Una Mullally, the other day, wrote an excellent piece which spoke to me about the purpose of health insurance. While it does definitely cover an awful lot of crippling costs on sick people, the main benefit of it, in this country, is the ability to skip the queue, to be seen faster, to be taken seriously in a much more realistic time frame. This is an absolute undeniable failing of our current health service and is very much so evident in our mental health system. My experience of psychiatric care in this country is exemplary – because I was able to pay. I could accept my GP’s recommendation to see a private psychiatrist, close to my home, and was seen within two weeks, while being under excellent care from my primary physician. In college, when I was first diagnosed, I had a similar experience. The incredible staff of University College Cork’s Student Health Centre definitely have an all-in service that ensures the best possible care for their growing student population. As third level education becomes less affordable, and our employment crisis continues, those who cannot avail of either private health insurance or these kind of services increases. Those who need the help are left to wait and hope. Hope for a change. Hope our country starts to put their needs before the needs and whims of a government who frankly couldn’t organise a football team for the Under 10s team at the moment. Our general practice system isn’t able to keep up with the demand. A lot of services for mental health are now community based, charity led – volunteers who have stepped up unable to watch this crisis develop further without doing their part. It is heartening to see our society step up – but it is allowing the government to close their eyes, stick their fingers in their ears and ignore the crisis unfolding before it.

So, future government, whoever you are, whether you manage to get it together this week, or send us back out to the polls, I ask you to think about it. If it was your child, your parent, your sibling, your best friend. Do you want to face them and tell them that the service they so badly need is just not high enough a priority for you? It is easy for those in these high paid positions to be flippant about the needs of those in less-well-off economic circumstances – unless you have experienced it, it can be difficult to stand in those shoes. All we ask is for some common sense and some eyes to be opened about the current situation.

Do not cut mental health funding. Please.  We are barely hanging on as it is with our limited resources.



A list of HSE Mental Health Services can be found here.

Pieta House deals with suicide and depression.

The Samaritans can be reached 24 hours a day at 116 123.

Your Mental

9 comments / Add your comment below

  1. Every time I read articles like this about government overseas, I learn more about how much in common the U.S government has with other governments. Are all of our leaders really this corrupt? Throughout the world? I truly don’t understand the utter lack of compassion our leaders have for their own people and all because of money, or rather, greed! I was diagnosed with PTSD 10 years ago and was fortunate enough that my health insurance, and my state, supported my therapy. I had a wonderful therapist too! she was awesome and because of her and all of the work she and I put in to help me heal, I am well for the first time in my life. I still suffer bouts of depression here and there and I still get triggered once in a great while but I now have skills and the know-how to deal with these things as they come and know how to prevent my depression from getting too bad that I can’t cope but I also know too many people in my country who are still suffering because there isn’t a federal mandate to require better mental health services on a state scale. Over here, the states run their own programs so that the federal government doesn’t have to fund every thing but it’s getting to the point over here where it seems that the federal government needs to intervene because lack of mental health services has become a public safety issue. Our people are screaming over here to be heard and our leaders are choosing to stick their heads in the sand while they continue to take our money. It’s a huge problem. This American stands with you in this anger! This is completely preventable and our governments are choosing not to act. This is a great post! I found this on #bloggerclubuk Facebook group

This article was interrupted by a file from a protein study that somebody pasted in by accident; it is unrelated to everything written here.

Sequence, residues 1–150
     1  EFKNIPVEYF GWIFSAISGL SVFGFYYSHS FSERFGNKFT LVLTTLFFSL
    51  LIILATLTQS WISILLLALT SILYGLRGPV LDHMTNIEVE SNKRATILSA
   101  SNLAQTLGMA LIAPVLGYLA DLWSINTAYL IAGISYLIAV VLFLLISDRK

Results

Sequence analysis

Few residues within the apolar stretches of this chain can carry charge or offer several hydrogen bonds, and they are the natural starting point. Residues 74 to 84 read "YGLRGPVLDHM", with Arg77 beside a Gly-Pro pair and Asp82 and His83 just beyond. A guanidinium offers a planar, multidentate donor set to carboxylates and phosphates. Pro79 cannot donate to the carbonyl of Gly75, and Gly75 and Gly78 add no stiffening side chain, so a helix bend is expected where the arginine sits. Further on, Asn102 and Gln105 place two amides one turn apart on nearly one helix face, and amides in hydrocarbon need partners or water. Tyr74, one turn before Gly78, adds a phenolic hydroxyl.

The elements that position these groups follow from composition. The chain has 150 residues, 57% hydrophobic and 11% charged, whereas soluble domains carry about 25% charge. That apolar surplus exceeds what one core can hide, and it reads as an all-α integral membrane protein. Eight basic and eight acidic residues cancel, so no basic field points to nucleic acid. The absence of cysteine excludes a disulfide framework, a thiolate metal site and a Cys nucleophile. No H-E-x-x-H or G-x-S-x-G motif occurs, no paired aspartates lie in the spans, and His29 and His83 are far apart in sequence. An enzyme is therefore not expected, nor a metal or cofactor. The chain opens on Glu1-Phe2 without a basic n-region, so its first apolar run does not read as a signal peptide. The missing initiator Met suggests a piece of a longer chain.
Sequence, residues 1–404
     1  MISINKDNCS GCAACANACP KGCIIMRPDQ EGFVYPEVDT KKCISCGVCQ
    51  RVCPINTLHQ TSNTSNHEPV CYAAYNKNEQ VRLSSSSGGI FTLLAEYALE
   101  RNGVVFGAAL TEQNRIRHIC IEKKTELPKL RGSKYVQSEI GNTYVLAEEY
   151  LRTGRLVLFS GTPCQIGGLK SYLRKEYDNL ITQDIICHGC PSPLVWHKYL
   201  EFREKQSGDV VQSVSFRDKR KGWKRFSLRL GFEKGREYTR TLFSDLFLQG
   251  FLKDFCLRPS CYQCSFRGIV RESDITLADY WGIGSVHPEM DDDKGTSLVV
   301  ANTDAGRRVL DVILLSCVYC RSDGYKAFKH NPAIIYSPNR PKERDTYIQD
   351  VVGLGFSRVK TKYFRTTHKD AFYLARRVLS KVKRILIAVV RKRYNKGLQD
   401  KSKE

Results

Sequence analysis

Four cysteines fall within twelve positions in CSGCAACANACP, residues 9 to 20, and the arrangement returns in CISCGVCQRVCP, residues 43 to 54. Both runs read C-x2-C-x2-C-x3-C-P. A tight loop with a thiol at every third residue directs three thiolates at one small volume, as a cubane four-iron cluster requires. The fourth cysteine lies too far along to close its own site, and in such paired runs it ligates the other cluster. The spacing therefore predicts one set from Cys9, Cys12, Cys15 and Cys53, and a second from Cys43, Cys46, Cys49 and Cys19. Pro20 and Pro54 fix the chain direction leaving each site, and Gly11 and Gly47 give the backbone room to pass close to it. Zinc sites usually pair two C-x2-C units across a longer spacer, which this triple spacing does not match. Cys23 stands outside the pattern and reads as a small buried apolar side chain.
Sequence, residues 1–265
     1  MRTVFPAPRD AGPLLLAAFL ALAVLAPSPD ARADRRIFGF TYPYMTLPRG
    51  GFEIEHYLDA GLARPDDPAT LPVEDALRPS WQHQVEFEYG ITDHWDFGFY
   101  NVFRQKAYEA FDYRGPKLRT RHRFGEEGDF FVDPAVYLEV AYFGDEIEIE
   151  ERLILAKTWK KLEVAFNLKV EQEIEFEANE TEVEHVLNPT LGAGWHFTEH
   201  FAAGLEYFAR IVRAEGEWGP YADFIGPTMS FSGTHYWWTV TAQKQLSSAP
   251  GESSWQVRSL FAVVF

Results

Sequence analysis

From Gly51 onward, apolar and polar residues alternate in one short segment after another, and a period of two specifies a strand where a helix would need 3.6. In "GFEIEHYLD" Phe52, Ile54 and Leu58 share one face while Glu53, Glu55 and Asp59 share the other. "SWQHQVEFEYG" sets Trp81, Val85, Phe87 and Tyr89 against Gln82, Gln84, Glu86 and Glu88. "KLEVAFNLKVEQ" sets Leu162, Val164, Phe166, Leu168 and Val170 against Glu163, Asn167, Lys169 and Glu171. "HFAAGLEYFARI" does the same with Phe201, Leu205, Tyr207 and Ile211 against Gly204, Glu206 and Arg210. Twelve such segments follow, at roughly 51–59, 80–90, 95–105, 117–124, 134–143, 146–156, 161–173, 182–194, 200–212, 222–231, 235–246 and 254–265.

2. Whenever a new government is elected, they always seem to get something wrong, they never look at the wider picture. I find incredibly frustrating that they can make these changes, I know they were elected but do they really have the right. x

  3. It is heartbreaking what we hear in the news. In Cornwall alone, many kids who suffer from mental illness find themselves travelling in other parts of the UK just to get help. Parents actually have to travel miles and miles just to see their kids. What will happen if more of their funding gets cut? I shudder at the thought. If only the government would listen more, sadly they don’t seem to care enough 🙁

  4. To be fair, it’s hard to have a gov that gets everything right to everyone’s liking but this is so true. It’s something we just cannot skimp on. I’ve had close people in my life who have been affected by depression one way or another so I fully agree with you on this. Great post.

    Oliver •

  5. I think it’s important to note that we, as a nation, voted this government in. Well, the small percentage of those who bothered to turn out at the polls in the last election did, and now we’re all suffering the consequences in one form or another. It’s a sad state of affairs.

  6. such a fantastic piece lisa… and you can tell this issue is very close to your heart.. i had my own struggles.. something im not ready to open up about and i have to say the services in my area were so good.. esp the mental health nurse dealing with me.. and still checks in with me now.. 2 years later… but completey understand where your coming from x

  7. It’s awful. My son hasn’t had an appointment with the mental health services in a year. The last appointment he had lasted 8 minutes.
    The government wonder why people are taking their own lives. There just isn’t any help for them.

    1. 8 minutes, that’s a shambles. There simply isn’t enough being done. I hope your son gets seen soon, and that you’re all keeping well.

Leave a Reply

This site uses Akismet to reduce spam. Learn how your comment data is processed.